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Wilderness and Wildlife

Wilderness and Wildlife

The Wild West of Iceland 

Every Icelandic region has its own draw for bird watchers and nature lovers, and reasons to visit the Westfjords include the millions of seabirds which use its high cliffs to nest. Places like Vigur island are also home to (alarmingly rare) stocks of breeding puffins. The region is an excellent place to encounter gyrfalcons and sea eagles, as well as snowy owls. There is also no shortage of breeding land birds, like the golden plover, whimbrel, and redshank.
Ever seen whales breaching beside the road as you drive along? Thanks to the coastal roads along deep fjords, the Westfjords might be one of the only places this is a regular occurrence. The same goes for seals casually basking on rocks, totally unconcerned by being watched.
The Westfjords is the land of the Arctic fox. These cute-but-shy mammals roam wild across Iceland, but your best chance of seeing them is in the Westfjords – especially on the Hornstrandir nature reserve, where they are protected from hunting and relatively tame as a result.
Take a view
Nature is no more evident in the Westfjords than in the landscape itself. The sheltered, crystal clear sea which fills the fjords is full of fish, and is great for diving, kayaking and sailing. In fact, taking a boat trip may actually be quicker than driving to some places.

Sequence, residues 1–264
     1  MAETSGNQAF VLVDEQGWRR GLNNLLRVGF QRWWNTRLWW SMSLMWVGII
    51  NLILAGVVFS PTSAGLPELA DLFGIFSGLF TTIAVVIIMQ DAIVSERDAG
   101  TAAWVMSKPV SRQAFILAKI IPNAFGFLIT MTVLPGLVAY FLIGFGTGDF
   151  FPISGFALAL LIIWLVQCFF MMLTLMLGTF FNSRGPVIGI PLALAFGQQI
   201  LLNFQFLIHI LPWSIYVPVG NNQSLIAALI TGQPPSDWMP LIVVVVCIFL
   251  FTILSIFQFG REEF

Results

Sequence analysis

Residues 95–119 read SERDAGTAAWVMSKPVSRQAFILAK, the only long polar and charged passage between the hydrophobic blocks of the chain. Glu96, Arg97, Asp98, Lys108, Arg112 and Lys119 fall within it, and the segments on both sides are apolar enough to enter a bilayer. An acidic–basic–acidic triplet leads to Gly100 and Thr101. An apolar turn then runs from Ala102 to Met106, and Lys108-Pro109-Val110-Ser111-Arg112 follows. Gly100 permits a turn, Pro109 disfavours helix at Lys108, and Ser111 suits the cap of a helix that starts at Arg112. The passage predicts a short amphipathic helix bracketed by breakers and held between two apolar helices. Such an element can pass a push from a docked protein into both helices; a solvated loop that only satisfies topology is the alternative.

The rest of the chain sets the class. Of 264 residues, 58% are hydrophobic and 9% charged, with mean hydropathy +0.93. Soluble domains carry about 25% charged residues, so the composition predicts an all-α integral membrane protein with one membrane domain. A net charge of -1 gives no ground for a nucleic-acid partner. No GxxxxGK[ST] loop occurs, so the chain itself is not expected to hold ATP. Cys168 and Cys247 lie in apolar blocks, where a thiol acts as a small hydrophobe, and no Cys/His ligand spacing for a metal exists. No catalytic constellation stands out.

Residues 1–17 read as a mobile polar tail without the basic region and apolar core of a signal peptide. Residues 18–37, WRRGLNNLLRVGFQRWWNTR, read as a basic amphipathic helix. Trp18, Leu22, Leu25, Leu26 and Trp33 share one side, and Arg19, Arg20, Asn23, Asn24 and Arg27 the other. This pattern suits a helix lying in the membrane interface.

The mountains are everywhere. Coated in lush green summer grass and myriad wild herbs and meadow flowers, they provide the ultimate viewing platform atop the world. Between the sea and the mountains you’ll find seemingly endless coast, varying from precarious cliffs to beaches of sand or boulders; variety is the keyword. Westfjords beaches are an easy walk and an unbeatable place to relax the mind and invigorate the body. And don’t forget to keep an eye out for interesting shells, stones, glass and pottery.
The closest the Westfjords gets to flat land is often the many valleys between mountains. They are worlds of their own, often with a warm microclimate, an abandoned farmhouse or two, and no other sign of human interference.
Bird Watching

Do you want to go bird watching in Iceland? The Westfjords offer some of the best bird watching sites there are. The unique Látrabjarg cliff is one of the best places in Iceland to photograph puffins. Other popular bird watching sites include Reykhólar, Vigur, Grímsey island in Steingrímsfjörður and Hornstrandir nature reserve. 

Seal Watching

Seals are increably beautiful and entertaining creatures and they are also said to be quite curious. Seal watching is a wonderful activity for the entire family.

Whale Watching

Around 20 species of whale can be found in the sea surrounding the country but the most common are the beaked whale, the hump-backed whale, dolphins and a few others. Whale watching is an incredible experience for people of all ages.

Scuba diving with guillemots in Iceland

Scuba diving with guillemots in Iceland with Aurora Arktika


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Westfjords of Iceland

Towns & Villages

The sparsely populated Westfjords region is home to more towns and villages than you might imagine – and each has its own unique atmosphere and attractions.
Get to know more about them here. 

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